This chapter is going to give you a thorough understanding of what must be done and how it must be done to be more successful on the mat. Body weight training is a big key to improve your strength with wrestling. Especially in the beginning, I like to use a lot of bodyweight exercises to get the body alive and prepared for heavier free weight exercises in the near future. Before any of my clients touch a weight I want them to master a hand full of body weight exercises. After all, you are using your body in wrestling. Hand to hand combat it is, and so you must be able to master your own body first!
Training with your own body can be adapted in countless ways & they are convenient. Most of the exercises require no equipment. We can change the position of our hands, arms and legs to work different muscles and change the pressure we place on the body. Elevate your legs or balance on one leg and then an exercise gets changed dramatically! If you so choose, you do not have to purchase any of the equipment I recommend and you can simply do the body weight exercises and you will easily be outdistancing yourself from the competition! Make no mistake about it, body weight training can be brutal and exhausting when done properly. Still, it is only one component of a solid strength & conditioning program. I am a firm believer in using a variety of tools to make the most of a program.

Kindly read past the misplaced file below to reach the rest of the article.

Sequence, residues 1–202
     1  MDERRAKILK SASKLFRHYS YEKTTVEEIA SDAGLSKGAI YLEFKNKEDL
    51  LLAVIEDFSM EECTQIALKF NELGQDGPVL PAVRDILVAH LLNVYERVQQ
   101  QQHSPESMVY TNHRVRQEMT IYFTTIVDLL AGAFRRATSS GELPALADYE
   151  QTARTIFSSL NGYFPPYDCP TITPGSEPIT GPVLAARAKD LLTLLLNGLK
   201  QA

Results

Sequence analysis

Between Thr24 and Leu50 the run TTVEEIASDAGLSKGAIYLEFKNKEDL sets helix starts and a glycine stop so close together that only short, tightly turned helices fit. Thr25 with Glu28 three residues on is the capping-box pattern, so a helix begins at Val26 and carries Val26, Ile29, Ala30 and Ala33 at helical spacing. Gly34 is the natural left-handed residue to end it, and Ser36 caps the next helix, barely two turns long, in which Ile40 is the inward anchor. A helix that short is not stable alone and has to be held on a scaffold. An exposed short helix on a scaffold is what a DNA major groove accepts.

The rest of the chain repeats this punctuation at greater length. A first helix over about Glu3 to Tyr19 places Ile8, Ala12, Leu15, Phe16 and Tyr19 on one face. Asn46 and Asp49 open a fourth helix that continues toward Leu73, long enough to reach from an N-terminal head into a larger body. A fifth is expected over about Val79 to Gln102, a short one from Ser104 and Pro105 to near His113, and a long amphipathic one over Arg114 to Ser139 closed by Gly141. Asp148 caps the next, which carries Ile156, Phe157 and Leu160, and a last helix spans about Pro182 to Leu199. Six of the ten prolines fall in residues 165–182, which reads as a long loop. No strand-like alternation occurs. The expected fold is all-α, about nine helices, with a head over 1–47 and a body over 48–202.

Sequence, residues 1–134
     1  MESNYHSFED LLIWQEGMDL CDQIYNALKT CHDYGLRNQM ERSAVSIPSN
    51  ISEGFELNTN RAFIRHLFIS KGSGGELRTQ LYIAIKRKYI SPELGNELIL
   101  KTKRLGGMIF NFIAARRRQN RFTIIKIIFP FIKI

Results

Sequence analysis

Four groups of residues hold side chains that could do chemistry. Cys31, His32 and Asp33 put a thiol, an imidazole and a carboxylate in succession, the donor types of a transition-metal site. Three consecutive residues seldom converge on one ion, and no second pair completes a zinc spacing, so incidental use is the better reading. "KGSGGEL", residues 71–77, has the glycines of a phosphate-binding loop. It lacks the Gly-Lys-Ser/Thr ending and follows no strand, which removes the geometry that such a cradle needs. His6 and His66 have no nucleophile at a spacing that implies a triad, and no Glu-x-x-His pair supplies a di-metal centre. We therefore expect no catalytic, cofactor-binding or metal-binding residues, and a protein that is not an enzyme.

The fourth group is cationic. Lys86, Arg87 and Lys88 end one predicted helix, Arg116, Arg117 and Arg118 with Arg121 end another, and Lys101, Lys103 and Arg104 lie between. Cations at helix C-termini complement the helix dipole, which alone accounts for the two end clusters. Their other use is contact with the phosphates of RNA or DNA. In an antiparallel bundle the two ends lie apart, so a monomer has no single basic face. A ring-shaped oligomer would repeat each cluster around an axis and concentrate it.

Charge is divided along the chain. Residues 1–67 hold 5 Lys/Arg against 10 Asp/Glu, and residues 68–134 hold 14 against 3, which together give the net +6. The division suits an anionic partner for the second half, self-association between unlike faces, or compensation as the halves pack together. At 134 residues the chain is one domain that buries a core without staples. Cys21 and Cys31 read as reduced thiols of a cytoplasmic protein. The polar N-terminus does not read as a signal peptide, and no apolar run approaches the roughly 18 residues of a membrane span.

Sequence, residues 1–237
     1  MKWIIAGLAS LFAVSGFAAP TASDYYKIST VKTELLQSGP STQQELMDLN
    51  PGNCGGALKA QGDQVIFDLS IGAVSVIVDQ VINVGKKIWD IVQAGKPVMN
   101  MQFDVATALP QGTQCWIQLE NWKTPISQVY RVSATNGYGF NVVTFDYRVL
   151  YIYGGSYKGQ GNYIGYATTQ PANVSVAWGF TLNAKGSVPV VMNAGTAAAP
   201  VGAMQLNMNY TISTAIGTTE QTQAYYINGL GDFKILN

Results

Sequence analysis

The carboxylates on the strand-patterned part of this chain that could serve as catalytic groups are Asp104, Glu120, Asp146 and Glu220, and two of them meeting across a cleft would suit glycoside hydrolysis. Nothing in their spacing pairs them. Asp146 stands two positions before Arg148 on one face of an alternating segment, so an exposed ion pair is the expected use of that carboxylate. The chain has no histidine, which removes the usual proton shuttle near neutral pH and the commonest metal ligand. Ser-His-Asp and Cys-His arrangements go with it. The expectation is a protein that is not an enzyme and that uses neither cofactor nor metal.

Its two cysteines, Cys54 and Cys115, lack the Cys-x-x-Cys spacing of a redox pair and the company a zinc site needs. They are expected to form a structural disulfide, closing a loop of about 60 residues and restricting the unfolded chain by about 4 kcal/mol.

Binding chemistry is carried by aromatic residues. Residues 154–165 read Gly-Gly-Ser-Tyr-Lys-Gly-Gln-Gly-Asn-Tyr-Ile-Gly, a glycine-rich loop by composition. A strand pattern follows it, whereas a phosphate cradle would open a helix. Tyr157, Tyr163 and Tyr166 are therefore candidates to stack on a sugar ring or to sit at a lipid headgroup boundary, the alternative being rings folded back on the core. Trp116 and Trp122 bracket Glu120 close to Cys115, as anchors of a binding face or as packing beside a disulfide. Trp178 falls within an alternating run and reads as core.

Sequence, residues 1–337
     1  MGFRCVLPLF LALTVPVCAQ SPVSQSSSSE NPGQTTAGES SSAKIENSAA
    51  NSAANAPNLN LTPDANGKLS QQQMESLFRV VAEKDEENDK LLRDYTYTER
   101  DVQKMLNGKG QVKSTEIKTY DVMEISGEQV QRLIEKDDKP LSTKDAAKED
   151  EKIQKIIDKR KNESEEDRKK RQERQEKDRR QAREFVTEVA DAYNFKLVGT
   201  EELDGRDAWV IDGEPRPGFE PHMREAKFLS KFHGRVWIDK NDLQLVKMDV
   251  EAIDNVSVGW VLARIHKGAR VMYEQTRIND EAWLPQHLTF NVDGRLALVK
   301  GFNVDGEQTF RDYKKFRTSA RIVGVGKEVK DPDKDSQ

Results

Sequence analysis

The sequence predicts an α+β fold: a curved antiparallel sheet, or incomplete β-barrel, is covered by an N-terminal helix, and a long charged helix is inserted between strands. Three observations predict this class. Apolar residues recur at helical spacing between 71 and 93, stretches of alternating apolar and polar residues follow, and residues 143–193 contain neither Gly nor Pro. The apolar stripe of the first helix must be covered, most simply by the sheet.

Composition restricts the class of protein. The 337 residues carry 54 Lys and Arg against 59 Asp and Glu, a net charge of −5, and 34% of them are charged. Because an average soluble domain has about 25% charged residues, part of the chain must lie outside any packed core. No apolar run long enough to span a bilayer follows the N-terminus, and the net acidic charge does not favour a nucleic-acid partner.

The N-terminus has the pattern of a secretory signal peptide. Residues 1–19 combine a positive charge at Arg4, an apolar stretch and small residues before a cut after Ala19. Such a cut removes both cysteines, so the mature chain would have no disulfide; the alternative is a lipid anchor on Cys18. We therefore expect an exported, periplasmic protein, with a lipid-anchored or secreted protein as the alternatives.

Even an advanced lifter / athlete should incorporate body weight strength training in his / her routine. Every athlete I train, including myself, will use more than one bodyweight exercise each workout! The most common used exercises here are pull ups & the many variations, parallel bar dips & the many variations, push ups & the many variations and squats or lunges & their many variations. If I list each variation we can get probably over 25 exercises just by varying the 4 exercises just mentioned!
The next portion of our strength training involves free weights and bodyweight conditioning together. If you have no access to free weights, implements such as sand bags, wheel barrows, sledge hammers and buckets of sand will work very well! No machines, no cables, just good old dumbbells and barbells, & a few toys from Home Depot or the local hardware store can turn you into a modern day gladiator! Back in the 1800's and early 1900's there were no machines. Those men back in the day were called strong men. Not only did they look strong, they WERE STRONG! They had functional strength and were able to use their muscles to lift enormous weights. They could lift hundreds of pounds over their head using one arm! Functional strength will come from using unusual objects such as the Home Depot products I listed above in addition to the free weight & / or body weight strength training.